Different types of Nanotechnology

There are two reasons materials differ at the nanoscale. The larger surface area compared to the larger form makes materials more chemically reactive. The second reason is that quantum effects can begin to dominate the behavior of the matter and begin to affect the optical, electrical, and magnetic behavior of the materials. There are one, two, and three dimension materials that can currently be produced: one dimension (thin surface coatings), two dimensions (nanowires and nanotubes), and three dimensions (nanoparticles) (Royal Society, 2007). Each one of these dimensions has different attributes.

Nanomaterials are so beneficial because of their unique properties at these small levels. However, some of these properties that make them so beneficial also could add to its toxicity. Part of the confusion with whether or not nanomaterials are toxic lies in the fact that there are many very different types of materials. Some of these different categories include: nanotubes, fullerenes, and metal oxides or nanostructured products, which will be the focus of this paper.

Nanotubes defined more clearly as extremely thin (their diameter is about 10,000 times smaller than a human hair), hollow cylinders made of carbon atoms, show physical characteristics similar to that of asbestos making them potentially toxic. Preliminary studies have shown that they may not escape into the air as individual fibers which are the mechanism of toxicity for asbestos (The Royal Society, 2007).

Overall it has been shown that various types of nanomaterials, including C-60 fullerenes, single-walled nanotubes, and quantum dots, have been found to mobilize to mitochondria in cells potentially interfering with antioxidant effect (Rejeski, 2005).

Studies have especially shown that fibrous and tubular nanostructures show toxicity associated with fibrotic lung responses and result in inflammation and an increased risk of carcinogenesis, at high concentrations (Oberdorster et al, 2005). At high doses, wildlife studies have demonstrated minimal dermal and oral toxicity. Fullerenes have to be administered at relatively high doses to achieve acute toxicity; the median lethal dose for a water soluble fullerene was 600 mg/kg (Colvin, 2003).

Although the exposure of largemouth bass to fullerenes leads to lipid peroxidation in the brain and glutathione depletion in their gills, it is unclear why these biological effects disappeared at higher concentrations (Oberdorster et al, 2005). There are many studies showing different measures of toxicity for all these substances, but for the purposes of this study the sole focus will be on nano-structured metal oxide particles.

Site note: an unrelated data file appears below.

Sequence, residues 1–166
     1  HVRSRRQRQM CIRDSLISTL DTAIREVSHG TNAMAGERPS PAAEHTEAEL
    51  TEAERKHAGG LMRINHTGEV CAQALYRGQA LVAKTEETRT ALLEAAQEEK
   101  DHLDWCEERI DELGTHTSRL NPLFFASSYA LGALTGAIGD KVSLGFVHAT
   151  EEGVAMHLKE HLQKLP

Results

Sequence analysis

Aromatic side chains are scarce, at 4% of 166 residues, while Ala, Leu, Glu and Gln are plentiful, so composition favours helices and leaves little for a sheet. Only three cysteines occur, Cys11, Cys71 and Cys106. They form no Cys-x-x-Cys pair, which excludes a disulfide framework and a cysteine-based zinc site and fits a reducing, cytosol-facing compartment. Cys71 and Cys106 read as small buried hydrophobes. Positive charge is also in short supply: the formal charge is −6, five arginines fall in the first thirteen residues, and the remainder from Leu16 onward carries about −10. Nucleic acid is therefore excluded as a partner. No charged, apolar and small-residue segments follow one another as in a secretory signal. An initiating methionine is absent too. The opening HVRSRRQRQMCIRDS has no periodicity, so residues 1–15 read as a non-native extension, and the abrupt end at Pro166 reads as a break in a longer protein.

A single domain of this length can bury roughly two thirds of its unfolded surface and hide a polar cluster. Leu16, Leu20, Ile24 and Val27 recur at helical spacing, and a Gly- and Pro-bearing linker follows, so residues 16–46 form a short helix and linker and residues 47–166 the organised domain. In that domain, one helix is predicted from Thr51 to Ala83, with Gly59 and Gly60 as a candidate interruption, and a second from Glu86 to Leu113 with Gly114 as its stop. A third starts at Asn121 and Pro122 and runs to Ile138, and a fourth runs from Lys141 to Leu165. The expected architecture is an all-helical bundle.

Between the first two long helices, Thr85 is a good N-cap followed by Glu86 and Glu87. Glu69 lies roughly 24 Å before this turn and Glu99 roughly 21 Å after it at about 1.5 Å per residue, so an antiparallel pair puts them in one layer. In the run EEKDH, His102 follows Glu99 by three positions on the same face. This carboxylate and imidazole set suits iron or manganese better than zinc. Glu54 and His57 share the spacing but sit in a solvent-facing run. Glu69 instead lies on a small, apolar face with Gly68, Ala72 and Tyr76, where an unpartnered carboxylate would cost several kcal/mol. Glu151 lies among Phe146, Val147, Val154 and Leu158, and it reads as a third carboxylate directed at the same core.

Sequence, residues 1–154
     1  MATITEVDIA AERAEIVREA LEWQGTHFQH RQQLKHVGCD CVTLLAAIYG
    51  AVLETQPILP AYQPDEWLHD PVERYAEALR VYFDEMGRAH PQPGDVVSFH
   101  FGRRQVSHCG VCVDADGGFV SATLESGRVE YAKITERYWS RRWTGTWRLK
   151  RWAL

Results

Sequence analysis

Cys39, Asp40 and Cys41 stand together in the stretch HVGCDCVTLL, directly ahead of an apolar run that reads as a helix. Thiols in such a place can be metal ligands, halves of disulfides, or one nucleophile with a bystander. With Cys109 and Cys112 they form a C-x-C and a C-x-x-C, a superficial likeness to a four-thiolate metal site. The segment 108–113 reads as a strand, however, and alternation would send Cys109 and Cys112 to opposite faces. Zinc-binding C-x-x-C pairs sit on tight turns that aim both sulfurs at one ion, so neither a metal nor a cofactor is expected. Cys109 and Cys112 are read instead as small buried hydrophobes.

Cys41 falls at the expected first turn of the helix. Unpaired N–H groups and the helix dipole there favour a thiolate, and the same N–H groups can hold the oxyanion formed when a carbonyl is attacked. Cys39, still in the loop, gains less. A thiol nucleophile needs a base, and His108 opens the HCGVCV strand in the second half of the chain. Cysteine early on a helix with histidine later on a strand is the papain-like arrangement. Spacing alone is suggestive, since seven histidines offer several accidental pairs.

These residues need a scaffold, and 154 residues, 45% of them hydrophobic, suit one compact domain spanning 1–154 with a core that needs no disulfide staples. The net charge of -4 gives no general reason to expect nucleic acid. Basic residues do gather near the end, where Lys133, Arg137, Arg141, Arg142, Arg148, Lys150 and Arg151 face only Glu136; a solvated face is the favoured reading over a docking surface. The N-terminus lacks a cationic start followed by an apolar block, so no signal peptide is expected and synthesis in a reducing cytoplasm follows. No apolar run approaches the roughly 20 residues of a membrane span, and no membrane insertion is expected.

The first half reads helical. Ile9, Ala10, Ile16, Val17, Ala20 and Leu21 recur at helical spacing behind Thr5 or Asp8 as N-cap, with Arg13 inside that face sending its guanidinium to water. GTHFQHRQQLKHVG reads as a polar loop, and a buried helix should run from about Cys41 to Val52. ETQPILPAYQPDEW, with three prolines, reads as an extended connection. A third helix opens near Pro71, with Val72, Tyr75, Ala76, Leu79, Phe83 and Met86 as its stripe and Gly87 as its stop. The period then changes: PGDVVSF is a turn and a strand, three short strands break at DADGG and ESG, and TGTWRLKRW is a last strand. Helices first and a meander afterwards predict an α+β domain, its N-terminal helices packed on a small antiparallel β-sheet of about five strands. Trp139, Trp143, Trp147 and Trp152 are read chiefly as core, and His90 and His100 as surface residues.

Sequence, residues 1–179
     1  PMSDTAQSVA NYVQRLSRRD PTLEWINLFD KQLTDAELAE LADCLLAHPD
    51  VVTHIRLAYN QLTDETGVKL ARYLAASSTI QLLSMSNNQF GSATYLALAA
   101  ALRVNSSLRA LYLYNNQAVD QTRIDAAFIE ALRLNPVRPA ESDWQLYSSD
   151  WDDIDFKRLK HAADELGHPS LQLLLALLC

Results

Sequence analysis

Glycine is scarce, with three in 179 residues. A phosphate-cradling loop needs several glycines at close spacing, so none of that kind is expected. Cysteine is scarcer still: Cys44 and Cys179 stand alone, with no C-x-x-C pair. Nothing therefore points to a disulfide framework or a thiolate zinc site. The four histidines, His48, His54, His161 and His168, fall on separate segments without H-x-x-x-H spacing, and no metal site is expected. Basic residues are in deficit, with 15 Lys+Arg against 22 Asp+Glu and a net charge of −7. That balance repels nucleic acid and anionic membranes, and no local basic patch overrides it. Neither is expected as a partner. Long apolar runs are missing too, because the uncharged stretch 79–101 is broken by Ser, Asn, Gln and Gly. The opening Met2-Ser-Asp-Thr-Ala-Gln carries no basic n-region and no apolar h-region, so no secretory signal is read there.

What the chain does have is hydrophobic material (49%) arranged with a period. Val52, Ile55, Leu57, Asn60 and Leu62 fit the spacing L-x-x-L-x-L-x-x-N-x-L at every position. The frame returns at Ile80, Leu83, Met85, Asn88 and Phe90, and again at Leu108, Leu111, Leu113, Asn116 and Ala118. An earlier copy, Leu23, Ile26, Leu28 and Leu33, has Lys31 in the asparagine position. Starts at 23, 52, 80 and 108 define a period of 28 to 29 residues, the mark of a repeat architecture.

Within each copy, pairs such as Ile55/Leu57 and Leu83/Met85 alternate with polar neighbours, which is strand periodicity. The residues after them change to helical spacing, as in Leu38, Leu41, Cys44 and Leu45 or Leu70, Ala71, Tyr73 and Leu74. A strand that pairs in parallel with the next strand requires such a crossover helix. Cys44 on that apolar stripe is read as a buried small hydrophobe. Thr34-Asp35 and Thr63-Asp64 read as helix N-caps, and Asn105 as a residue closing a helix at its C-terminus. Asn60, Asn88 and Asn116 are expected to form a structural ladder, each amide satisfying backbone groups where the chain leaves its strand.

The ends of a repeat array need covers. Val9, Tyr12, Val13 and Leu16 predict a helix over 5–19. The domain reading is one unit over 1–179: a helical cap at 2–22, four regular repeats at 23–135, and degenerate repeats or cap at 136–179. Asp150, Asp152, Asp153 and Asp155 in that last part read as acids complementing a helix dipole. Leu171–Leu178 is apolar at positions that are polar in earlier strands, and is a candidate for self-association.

Nano-structured Materials

The nano-structured particle is “a particle with a physicochemical structure on a scale greater than atomic/molecular dimensions but less than 100 nm, which exhibits physical, chemical, and/or biological characteristics associated with its nanostructure.” (Oberdorster et al, 2005). It can be more than 100 nm but the biological activity of the particle as a whole is determined by the nano-scale substructure.

Since the small size, NP’s have been assumed to be inert; however this property has increased concern recently. It has been shown that the nanoparticles can re-distribute from their site of deposition. Meaning following a person’s inhalation of NP, they have been reported to travel via the nasal nerves to the brain  in a similar fashion to how the polio virus is described (Kreuter, 2002). From this point NP is reported to gain access to the blood and other organs (Kreyling, 2004).

References

Colvin, V. (2003). The Potential Environmental Impact of Engineered Nanoparticles. Nature Biotechnol. 21(10), 1166-1170.

Kreyling, W., Semmler, M., Moller, W. (2004). Dosimetry and Toxicology of Ultrafine Particles. J. Aerosol Med. 17(2):140-52.

Kreuter, J., Shamenkov, D., Petrov, V. (2002). Apolipoprotein-Mediated Transport of Nanoparticle-Bound Drugs Across the Blood-Brain Barrier. J Drug Target. 10:317-25.

National Nanotechnology Initiative (2007). U.S. Department of Energy. Access at: www.nano.gov

Oberdorster, G., Oberdorster, E., and Oberdorster, J. Nanotoxicology. (2005). An Emerging Discipline Evolving from Studies of Ultrafine Particles. Environmental Health Perspectives. 113, 823-839

Rejeski, D. (November, 2005). “Environmental and Safety Impacts of Nanotechnology: What Research is Needed?” United States House of Representatives: Committee on Science, Access at: http://www.organicconsumers.org/politics/nanotech120505.cfm

The Royal Society and The Royal Academy of Engineering. (2007). Nanoscience and Nanotechnologies: Opportunites and Uncertainties. Access at: www.royalsoc.ac.uk/policy or www.raeng.org.uk

US EPA. (2005). Nanotechnology. White Paper: External Review Draft